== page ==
- Tu, 28.05.2019 18:30 – Tu, 28.05.2019 20:00
- Prof. Dr. Matthias Scheffler, Fritz-Haber-Institut der Max-Planck-Gesellschaft, Berlin
- Magnus-Haus Berlin
Am Kupfergraben 7, 10117 Berlin, Germany
- Registration required
Matthias Scheffler’s research focuses on understanding fundamental aspects of physical and chemical properties of surfaces, interfaces, clusters, nanostructures, and bulk materials. Present activities include catalytic reactions at surfaces, thermal conductivity, thermoelectric materials, topological insulators, inorganic / organic hybrid materials, and more. His multi-scale modeling studies link first-principles electronic-structure calculations, ab initio molecular dynamics, and methods from thermo-dynamics and statistical mechanics to enable the understanding of meso- and macroscopic phenomena occurring under realistic (T, p) conditions. Scheffler is also engaged in developing theoretical methods to treat excited states and electron correlations, as well as computer codes to perform large-scale calculations on high-performance computers. In recent years, he developed neural-network and compressed-sensing methods to identify structure and patterns in “big data of materials”. He is coordinating the European Center of Excellence for Novel Materials Discovery (NOMAD) which maintains the largest repository for computational materials science data, a materials encyclopedia, and big-data tools in order to advance materials science and engineering.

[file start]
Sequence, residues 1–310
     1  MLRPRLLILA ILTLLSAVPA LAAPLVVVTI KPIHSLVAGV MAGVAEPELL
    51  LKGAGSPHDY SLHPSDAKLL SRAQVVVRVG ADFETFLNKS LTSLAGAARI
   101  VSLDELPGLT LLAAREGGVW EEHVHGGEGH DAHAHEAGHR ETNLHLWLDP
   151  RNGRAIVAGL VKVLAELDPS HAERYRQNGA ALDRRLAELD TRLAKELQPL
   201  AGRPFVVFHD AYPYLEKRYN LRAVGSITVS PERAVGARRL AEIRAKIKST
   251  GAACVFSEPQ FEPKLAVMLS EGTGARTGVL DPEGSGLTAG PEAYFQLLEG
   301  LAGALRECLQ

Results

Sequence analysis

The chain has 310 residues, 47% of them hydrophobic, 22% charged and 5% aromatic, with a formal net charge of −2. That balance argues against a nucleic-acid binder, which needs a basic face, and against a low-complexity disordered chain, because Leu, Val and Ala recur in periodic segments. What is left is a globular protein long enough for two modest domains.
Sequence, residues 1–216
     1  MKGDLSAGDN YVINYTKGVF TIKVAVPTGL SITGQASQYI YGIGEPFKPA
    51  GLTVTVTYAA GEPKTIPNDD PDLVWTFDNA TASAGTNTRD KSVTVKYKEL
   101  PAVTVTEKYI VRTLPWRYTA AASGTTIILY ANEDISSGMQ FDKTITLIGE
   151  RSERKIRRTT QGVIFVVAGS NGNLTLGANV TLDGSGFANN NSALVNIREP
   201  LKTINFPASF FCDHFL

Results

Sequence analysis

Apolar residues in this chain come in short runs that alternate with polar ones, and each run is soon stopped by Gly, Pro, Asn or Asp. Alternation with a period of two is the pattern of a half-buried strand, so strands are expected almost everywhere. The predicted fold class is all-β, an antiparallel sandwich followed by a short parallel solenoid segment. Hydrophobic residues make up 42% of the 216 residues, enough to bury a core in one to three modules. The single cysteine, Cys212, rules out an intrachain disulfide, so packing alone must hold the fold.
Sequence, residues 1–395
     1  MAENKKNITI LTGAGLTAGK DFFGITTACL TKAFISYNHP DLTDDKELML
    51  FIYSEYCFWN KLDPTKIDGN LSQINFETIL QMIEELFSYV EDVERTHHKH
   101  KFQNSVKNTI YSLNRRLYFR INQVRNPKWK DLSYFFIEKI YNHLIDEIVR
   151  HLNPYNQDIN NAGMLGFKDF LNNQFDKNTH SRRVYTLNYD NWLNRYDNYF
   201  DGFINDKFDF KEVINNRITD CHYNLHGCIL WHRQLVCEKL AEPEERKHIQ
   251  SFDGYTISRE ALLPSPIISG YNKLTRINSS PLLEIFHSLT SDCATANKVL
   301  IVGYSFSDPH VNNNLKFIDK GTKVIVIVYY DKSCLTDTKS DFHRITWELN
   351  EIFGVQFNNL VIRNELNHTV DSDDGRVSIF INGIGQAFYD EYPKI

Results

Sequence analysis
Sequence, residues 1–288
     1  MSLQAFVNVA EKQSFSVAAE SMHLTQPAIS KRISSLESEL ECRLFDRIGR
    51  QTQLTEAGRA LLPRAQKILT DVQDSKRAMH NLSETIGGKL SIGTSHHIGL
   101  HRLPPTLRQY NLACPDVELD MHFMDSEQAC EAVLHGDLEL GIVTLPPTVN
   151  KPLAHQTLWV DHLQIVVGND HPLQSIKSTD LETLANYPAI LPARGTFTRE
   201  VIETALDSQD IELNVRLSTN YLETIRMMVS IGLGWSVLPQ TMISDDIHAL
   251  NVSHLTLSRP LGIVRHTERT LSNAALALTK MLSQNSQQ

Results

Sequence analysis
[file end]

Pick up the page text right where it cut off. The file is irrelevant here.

New or even novel (new in its kind) materials are interesting for basic science and critical for advancing key technologies for energy, environment, health, mobility, IT, and more. Interestingly, from the 250,000 inorganic materials known today, less than 1% of their functional properties have been determined, so far. And the number of not-yet-known materials is practically infinite. Thus, it is likely that materials exist or can be created that are very different to and far better than those that are used today. My talk will address an innovative approach to this problem – the fourth research paradigm of materials science. I will focusing on recent advancements of artificial-intelligence (AI) methods that help to build “a map of materials” – quite in spirit of the Periodic Table of the Elements. In particular, I will emphasize the importance of knowledge-powered methods and interpretability to enable a trustful description. Applications of these methods will include a high-throughput screening study of the catalytic transformation of “bad” CO2 into fuels and other useful chemicals and topological insulators as a class of quantum materials.
Diskussionsleitung: Prof. Dr. Wolfgang Eberhardt, Wiss. Leiter Magnus-Haus Berlin
Diese Veranstaltung wird gefördert durch die Wilhelm und Else Heraeus-Stiftung.